0% Interest Credit Cards
While a 0% intro APR credit cards does not offer a permanent solution to getting rid of credit card debt, it can help you accomplish several financial goals. With 0% interest credit cards, you can consolidate existing debt or take your time paying off a big purchase over 12 months or more.
A card with a 0% intro APR offer on purchases, balance transfers or both allows you to avoid paying interest for a certain number of months after opening an account. By halting interest charges that come with carrying a credit card balance, a 0% intro APR offer can provide you with a sense of relief while you pay down your debt.
But you’re not alone. The good news is that revolving consumer credit, which includes credit card debt, fell for the second straight month in September 2019 by more than $1 billion, according to the Federal Reserve. That’s the first time that has happened since the summer of 2012, according to Federal Reserve’s historical data.
Credit card debt is much more common than you think, and even the best of us can struggle to pay down a growing balance. The average credit card debt per cardholder — and there are now 148 million of us in the United States — was $5,645 as of August 2019, according to a report by TransUnion.
A temporary solution to credit card debt could be finding the best 0% APR introductory offer for you. This will give you the ability to make payments during a period of time with 0% interest and pay down debt much faster, so it’s important to pick the best 0% interest credit card for you.
The Best 0% Interest Credit Cards: Summed Up
|Best for...||Credit Card|
|No Annual Fee||Capital One® Quicksilver® Cash Rewards Credit Card||Apply Now|
|Flexible Rewards||Chase Freedom Unlimited®||Learn More|
|Sign Up Bonus||Discover it® Cash Back||Learn More|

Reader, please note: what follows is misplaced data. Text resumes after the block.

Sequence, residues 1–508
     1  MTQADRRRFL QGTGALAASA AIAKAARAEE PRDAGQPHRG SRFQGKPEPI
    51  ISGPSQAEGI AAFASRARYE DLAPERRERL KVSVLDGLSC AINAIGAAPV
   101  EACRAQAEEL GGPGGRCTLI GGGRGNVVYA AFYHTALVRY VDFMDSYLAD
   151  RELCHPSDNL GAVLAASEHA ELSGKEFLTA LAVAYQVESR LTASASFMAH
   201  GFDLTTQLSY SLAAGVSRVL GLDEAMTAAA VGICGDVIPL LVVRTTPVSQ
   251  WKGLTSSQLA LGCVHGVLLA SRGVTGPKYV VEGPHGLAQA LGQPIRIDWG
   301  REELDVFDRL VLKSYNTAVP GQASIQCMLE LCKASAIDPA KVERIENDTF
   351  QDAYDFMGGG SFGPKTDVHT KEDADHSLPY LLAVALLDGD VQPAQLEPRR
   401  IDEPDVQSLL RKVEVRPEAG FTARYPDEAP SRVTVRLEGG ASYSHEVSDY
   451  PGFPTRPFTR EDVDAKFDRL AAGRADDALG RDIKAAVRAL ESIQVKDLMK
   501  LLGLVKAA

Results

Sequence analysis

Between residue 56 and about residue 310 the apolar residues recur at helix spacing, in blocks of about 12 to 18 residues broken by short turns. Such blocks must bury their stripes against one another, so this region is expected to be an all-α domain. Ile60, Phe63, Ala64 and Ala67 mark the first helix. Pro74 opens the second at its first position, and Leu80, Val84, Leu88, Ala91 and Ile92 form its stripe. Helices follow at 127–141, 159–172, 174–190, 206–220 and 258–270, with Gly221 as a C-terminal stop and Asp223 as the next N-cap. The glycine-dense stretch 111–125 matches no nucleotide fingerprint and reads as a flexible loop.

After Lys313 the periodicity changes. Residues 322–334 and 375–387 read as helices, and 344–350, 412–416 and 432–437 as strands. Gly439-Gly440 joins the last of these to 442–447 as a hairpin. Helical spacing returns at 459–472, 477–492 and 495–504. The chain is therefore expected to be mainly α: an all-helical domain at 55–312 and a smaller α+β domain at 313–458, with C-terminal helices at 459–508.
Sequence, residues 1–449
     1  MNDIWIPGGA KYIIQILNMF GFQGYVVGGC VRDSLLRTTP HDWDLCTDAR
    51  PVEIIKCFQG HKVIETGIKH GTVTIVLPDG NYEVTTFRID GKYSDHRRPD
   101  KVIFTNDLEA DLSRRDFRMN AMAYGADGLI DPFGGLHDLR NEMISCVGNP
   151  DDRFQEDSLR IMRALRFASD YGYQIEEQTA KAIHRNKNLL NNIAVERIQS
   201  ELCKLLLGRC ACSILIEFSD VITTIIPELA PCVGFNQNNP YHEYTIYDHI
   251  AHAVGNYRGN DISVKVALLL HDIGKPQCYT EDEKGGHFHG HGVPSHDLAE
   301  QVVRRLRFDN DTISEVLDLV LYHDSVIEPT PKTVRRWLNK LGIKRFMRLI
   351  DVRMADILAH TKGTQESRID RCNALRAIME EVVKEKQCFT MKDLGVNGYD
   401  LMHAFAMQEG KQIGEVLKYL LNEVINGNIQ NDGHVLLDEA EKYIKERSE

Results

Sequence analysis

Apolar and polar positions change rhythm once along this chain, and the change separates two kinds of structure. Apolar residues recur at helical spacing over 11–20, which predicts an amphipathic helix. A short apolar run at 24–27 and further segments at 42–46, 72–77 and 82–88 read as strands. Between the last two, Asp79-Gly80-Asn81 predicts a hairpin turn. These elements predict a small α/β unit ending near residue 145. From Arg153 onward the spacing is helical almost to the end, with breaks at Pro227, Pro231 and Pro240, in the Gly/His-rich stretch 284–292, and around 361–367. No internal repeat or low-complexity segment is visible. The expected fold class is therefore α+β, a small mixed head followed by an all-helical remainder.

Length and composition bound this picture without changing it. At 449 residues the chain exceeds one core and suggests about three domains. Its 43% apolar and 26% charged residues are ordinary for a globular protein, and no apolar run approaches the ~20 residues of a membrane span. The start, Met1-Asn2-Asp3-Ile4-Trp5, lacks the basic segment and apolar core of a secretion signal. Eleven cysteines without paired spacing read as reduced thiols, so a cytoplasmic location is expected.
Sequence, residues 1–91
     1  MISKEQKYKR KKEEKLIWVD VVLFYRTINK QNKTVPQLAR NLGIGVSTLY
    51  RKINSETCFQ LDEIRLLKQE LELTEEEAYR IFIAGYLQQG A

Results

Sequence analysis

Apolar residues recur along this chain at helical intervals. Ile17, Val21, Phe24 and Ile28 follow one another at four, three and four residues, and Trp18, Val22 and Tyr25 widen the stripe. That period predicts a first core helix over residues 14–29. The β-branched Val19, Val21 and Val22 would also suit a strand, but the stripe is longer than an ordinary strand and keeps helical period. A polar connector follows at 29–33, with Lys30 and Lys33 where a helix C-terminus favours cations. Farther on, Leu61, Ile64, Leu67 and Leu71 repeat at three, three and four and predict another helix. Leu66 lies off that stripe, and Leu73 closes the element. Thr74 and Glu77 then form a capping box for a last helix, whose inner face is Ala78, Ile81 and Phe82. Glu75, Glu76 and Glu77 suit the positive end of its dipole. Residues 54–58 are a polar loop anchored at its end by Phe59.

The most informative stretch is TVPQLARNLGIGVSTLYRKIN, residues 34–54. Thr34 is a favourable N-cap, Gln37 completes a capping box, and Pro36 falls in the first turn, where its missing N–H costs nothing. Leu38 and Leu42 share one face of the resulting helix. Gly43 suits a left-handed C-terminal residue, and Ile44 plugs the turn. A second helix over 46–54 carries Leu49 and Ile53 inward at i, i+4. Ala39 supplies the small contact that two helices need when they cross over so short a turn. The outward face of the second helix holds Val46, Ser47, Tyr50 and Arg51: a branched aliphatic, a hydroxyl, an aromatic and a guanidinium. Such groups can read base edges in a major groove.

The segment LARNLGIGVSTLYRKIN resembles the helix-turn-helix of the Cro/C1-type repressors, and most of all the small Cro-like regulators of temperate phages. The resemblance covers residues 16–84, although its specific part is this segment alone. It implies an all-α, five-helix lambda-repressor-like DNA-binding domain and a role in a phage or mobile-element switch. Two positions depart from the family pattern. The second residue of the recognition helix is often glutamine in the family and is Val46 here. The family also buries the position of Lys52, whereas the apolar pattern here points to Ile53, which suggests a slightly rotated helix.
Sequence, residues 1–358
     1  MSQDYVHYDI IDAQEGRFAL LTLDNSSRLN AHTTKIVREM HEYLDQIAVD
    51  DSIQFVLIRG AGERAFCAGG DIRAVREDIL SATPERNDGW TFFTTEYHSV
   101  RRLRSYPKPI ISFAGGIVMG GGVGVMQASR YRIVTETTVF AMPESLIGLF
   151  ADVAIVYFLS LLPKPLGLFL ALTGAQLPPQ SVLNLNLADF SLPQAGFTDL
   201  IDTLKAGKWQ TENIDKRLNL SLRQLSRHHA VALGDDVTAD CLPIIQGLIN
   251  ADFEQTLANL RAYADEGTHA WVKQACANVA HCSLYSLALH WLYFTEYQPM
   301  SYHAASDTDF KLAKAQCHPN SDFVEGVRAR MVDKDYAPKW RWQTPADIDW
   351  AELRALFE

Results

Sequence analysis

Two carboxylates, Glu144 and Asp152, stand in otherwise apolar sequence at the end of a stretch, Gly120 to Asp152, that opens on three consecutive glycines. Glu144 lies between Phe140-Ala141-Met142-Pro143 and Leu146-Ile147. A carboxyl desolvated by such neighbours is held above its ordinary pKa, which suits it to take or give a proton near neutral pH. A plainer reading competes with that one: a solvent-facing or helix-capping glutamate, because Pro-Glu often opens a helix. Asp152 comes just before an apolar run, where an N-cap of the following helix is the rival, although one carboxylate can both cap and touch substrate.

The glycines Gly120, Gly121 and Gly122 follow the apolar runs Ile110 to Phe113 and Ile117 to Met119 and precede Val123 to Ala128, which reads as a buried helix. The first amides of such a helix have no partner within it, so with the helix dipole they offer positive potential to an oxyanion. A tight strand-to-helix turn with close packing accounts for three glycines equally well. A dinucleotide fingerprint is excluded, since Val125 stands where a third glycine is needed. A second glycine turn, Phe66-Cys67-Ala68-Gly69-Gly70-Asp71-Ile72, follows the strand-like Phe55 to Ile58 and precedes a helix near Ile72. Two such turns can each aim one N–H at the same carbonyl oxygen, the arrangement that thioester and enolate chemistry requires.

|Dining Out And Events||Capital One® SavorOne® Cash Rewards Credit Card||Apply Now|
|Travel||Capital One® VentureOne® Rewards Credit Card||Apply Now|
|Large Purchases||Blue Cash Preferred® Card from American Express||Learn More|
Compare 0% interest credit card offers
|Credit Card||0% Intro APR-Purchases||Annual Fee||Regular APR|
|Best for no annual fee: Capital One® Quicksilver® Cash Rewards Credit Card||15 months||$0||15.49% - 25.49% (Variable)|
|Best for flexible rewards: Chase Freedom Unlimited®||15 months||$0||16.49% - 25.24% Variable|
|Best for sign up bonus: Discover it® Cash Back||14 months||$0||13.49% - 24.49% Variable|
|Best for travel: Capital One® SavorOne® Cash Rewards Credit Card||15 months||$0||15.49% - 25.49% (Variable)|
|Best for no balance transfer fee: Capital One® VentureOne® Rewards Credit Card||12 months||$0||13.49% - 23.49% (Variable)|
|Best for large purchases: Blue Cash Preferred® Card from American Express||12 months||$95 See Rates & Fees||14.49% - 25.49% Variable See Rates & Fees|
*If balance transfers are requested within 60 days of account opening
What does 0% introductory APR mean?
An APR or annual percentage rate is the percentage of interest you pay over a year when you borrow from a card issuer. A 0% introductory APR offer is a temporary special offer on purchases, balance transfer or both that typically 12-15 months after opening a new credit card account.
The biggest perk of a 0% intro APR offer is avoiding interest charges during the first few months of having a credit card. The 0% intro APR offer typically starts once you’re approved for the credit card and can remain active anywhere between six to 18 months, depending on the duration of the offer and whether you follow the terms of conditions. Once the 0% intro APR offer is over, the credit card’s variable APR rate will kick in.